Lessons from Living with My Mother-in-Law
By: Roma Khetarpal
I was 23 and nine months pregnant when my in-laws helped my husband and I buy our first home—right next door to theirs. We did not even have a retaining wall between our houses! We could walk from one to the other through the backyards. My father-in-law was semi-retired.
At age 56, he had decided to start a small business of his own; to be his own boss was a dream he had all his life. And now that his two daughters were married and starting their own lives, and we—his only son, daughter-in-law, and new grandchild—lived right next door, he was in a good position to do that. It made him feel happy, accomplished and fulfilled.
As for me, as scary as the big move seemed, within weeks it was clear that this would be a good arrangement. We had our own living space and privacy as well as the comfort of having our in-laws next door. During times of emotion commotion, we had our own space to go to. And there were real advantages. First, having dinner with the in-laws was no longer such a big production.
There were no more panic attacks of ‘Oh my God, my in-laws are coming over!’ Second, when my in-laws were home, I could comfortably leave the baby with them to run small errands or pop into the grocery store. They loved any bonus time they could get with Nitasha, and I didn’t have to schlep a car seat, a diaper bag, and a baby to pick up a carton of milk.
As life would have it, however, nine months later, my father-in-law unexpectedly passed away, and within a matter of hours, our lives completely changed forever. My mum-in-law had to move into our home. We could not afford both house payments, and, after all, my husband was the only son (In an Indian family, this is how we roll!). And if any other reason were needed, my father-in-law had asked me a question just four hours before he left us: “Beta, if something happens to me, you will take care of Mom, right?” Without hesitation, I responded, “Of course I will, Dad. Now please stop this; nothing is going to happen to you. We will be home in a few days.”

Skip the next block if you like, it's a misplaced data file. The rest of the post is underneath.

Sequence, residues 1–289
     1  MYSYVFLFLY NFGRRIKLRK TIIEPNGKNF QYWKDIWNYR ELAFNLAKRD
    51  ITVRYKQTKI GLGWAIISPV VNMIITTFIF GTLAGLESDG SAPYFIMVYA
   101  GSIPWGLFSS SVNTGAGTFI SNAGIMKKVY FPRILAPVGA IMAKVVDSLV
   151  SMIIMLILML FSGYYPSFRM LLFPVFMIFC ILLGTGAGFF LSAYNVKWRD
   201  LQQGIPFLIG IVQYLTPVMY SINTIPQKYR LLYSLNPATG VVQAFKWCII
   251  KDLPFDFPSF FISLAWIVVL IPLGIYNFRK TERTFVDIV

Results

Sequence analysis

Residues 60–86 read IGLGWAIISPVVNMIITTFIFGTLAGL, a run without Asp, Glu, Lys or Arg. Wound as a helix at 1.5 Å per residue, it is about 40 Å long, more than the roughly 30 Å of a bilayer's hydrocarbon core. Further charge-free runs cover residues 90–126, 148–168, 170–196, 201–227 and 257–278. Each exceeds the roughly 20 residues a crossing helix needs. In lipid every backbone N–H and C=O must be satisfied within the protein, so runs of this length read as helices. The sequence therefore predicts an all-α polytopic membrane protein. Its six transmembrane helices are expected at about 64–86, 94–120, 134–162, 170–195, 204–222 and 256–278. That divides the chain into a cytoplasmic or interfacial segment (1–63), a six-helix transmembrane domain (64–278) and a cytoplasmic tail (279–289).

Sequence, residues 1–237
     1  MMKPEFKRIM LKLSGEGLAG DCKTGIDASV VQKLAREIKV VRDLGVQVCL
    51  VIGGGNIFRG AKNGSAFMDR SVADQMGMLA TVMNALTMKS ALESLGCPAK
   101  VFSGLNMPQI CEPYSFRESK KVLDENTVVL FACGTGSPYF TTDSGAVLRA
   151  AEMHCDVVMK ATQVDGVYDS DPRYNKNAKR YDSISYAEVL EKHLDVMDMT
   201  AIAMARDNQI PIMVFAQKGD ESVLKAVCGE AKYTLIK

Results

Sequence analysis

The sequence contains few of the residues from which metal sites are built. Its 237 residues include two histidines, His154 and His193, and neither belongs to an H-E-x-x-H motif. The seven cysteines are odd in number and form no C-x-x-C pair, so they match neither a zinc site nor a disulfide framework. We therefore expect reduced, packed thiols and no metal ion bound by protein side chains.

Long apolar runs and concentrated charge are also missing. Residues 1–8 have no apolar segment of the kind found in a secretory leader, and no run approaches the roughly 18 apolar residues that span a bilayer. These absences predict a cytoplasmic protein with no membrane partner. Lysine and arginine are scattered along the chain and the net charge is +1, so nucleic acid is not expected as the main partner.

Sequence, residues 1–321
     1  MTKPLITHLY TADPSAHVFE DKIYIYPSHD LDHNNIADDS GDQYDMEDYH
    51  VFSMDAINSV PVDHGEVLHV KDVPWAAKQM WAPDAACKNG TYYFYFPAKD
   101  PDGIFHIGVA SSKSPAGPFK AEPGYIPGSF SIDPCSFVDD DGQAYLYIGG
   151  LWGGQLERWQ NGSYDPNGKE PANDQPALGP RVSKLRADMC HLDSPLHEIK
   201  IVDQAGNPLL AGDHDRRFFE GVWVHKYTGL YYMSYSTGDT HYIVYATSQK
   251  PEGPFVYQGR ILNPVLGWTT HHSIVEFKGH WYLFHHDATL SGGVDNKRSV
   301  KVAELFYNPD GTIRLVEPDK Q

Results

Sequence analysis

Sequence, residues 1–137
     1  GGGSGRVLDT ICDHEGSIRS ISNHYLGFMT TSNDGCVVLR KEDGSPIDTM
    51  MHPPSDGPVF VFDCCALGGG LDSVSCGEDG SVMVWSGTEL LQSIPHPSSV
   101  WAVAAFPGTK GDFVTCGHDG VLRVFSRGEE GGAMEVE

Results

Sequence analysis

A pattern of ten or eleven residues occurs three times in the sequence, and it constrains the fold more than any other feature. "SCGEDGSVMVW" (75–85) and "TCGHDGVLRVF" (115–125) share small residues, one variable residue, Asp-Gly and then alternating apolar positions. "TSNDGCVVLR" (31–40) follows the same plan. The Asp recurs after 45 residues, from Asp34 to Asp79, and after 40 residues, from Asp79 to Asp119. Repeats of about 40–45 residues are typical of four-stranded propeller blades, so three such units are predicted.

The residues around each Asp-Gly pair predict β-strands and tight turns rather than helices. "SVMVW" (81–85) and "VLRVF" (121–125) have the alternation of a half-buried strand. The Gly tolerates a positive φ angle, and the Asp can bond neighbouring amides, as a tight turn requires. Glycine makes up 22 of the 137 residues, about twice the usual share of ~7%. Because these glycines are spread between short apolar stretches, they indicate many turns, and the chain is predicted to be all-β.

I once heard that a deep knowing envelops one before the soul is released from the body. Now I knew it to be true.
I spent the next quarter-century fulfilling the word I gave to Dad the last time I saw him.
Was it hard at times? Absolutely!
Did I have days where I wanted to kick and scream and disown my Indian heritage? Sure!
Were there challenges that I faced every single day that made me second-guess my decision? Most definitely!
In hindsight, do I have any regrets? None whatsoever.
Living with a parent at home has defined who I am today. It is my mum-in-law’s daily presence that has inspired me to focus on the important stuff. Her strong-willed personality has nudged me to master communication skills. And her definite opinions (which she freely shares) have honed my patience, understanding, and acceptance. She has introduced me to the art of picking my battles and letting the rest go. I have learned how to give someone space and find the treasure of silence myself. I’ve also seen her loneliness, which has drawn out my best empathic self. Her health challenges, especially a couple of the big ones, have opened the doors to my temple of compassion, unconditional love and service.
Through it all, in an effort to be a “good” daughter-in law, I’ve played hide-and-seek with my own goodness – enough to know that it is my best asset and the only way to my authentic self — the only way to have a meaningful relationship with this gift of life and its every experience.
But the greatest gift of all? My children have grown up to be loving, caring, respectful, patient, empathetic, compassionate, kind, and emotionally intelligent. Not because I told them they needed to be, but because this was the environment they were raised in. Thanks to the presence of their grandma, they don’t know anything different.
It is because of my mum-in-law that my children are their best selves naturally and easily. Now, that’s a gift I could not have given them on my own.
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